Abstract: Manson, SA, Brughelli, M, and Harris, NK. Physiological characteristics of international female soccer players. J Strength Cond Res 28(2): 308–318, 2014—The purpose of this study was to investigate the physiological characteristics of Fédération Internationale de Football Association (FIFA) eligible international female soccer players aged 14–36 years and to determine if measures were significantly different for players selected (i.e., starters) to the starting line up for an FIFA tournament as compared with those not selected (i.e., nonstarters). Fifty-one (N = 18 Under 17; N = 18 Under 20; N = 15 Senior) international female soccer players participated in this study. The subjects underwent measurements of anthropometry (height and body mass), lower body strength (isokinetic testing), sprint kinetics and kinematics (nonmotorized treadmill), leg power (unilateral jumping), and maximal aerobic velocity (30:15 intermittent fitness test) during the final preparatory stage for an FIFA event. Outcomes of the age group data indicate that differences in physiological capacities are evident for the Under 17 players as compared with those for the Under 20 and Senior capped international players, suggesting a plateau in the acquisition of physical qualities as players mature. Starters tended to be faster (effect size [ES] = 0.55–1.0, p < 0.05) and have a higher maximal aerobic velocity (ES = 0.78–2.45, p < 0.05), along with greater eccentric leg strength (ES = 0.33–1.67, p < 0.05). Significant differences were detected between starters and nonstarters for isokinetic leg strength (ES = 0.54–1.24, p < 0.05) and maximal aerobic velocity (ES = 0.87, p < 0.05) for Under 17 players, where maximal aerobic velocity was the primary difference between starters and nonstarters (ES = 0.83–2.45, p < 0.05) for the Under 20 and Senior players. Coaches should emphasize the development of speed, maximal aerobic velocity, and leg strength in developing female soccer players.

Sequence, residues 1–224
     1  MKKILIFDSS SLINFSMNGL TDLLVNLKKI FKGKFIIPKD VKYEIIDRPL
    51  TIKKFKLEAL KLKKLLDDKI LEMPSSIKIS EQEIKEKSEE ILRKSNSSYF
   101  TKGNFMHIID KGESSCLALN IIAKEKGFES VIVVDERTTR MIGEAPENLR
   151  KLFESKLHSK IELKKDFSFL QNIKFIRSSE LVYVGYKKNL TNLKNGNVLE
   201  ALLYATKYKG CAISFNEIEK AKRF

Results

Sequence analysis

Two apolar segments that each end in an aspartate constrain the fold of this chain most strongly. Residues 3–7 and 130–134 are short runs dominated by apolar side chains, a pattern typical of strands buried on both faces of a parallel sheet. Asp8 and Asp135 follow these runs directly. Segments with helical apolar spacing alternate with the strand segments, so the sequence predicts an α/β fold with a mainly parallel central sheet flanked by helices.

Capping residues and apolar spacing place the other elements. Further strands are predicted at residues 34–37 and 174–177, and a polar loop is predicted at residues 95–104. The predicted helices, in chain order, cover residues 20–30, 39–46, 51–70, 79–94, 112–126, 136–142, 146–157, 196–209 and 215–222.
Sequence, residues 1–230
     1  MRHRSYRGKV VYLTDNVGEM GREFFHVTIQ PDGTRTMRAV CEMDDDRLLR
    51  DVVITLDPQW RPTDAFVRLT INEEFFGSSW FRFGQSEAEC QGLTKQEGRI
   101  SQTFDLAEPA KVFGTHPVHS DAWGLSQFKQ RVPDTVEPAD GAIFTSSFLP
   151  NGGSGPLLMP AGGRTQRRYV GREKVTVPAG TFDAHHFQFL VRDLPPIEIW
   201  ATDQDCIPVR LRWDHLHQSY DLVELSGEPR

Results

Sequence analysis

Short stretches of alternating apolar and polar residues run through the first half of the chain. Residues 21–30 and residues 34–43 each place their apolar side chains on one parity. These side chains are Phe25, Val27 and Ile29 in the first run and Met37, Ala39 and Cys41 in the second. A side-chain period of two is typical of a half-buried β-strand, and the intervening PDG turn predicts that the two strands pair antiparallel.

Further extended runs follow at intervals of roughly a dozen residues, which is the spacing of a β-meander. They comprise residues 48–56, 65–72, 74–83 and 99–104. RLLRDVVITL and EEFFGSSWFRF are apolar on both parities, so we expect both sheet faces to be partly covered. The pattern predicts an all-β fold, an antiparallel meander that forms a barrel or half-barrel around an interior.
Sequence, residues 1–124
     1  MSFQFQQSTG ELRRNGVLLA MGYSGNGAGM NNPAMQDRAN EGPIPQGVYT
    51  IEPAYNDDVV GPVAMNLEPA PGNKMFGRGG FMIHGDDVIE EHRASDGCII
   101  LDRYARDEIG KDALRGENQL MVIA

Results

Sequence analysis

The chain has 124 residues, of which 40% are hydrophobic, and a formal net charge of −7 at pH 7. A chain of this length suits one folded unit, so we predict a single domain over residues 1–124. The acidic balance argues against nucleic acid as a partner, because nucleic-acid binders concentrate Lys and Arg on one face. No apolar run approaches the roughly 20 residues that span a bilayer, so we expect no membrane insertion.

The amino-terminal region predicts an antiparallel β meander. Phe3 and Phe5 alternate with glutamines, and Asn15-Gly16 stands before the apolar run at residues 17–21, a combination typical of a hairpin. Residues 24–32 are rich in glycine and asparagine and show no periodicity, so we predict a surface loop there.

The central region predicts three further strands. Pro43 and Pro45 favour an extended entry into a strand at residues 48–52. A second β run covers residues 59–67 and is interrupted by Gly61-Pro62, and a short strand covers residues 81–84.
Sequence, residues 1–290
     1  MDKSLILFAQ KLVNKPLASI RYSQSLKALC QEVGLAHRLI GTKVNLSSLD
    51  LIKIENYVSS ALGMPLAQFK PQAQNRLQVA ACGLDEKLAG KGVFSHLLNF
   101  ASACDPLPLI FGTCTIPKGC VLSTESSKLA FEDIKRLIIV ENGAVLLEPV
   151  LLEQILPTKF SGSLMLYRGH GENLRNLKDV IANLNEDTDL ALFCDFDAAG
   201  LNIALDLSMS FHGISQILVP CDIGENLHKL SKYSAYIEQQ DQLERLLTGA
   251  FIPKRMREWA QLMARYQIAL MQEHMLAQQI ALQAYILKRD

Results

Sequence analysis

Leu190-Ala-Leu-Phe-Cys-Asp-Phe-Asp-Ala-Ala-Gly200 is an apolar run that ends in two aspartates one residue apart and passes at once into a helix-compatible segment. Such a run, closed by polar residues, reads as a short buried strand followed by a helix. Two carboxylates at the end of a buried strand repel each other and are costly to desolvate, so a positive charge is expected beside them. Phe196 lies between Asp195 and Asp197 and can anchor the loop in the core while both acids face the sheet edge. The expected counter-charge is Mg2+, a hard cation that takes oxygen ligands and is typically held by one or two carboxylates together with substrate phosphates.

Sports Performance Research Institute New Zealand, School of Sport and Recreation, Faculty of Health and Environmental Science, Auckland University of Technology, Auckland, New Zealand
Address correspondence to Sarah A. Manson, firstname.lastname@example.org.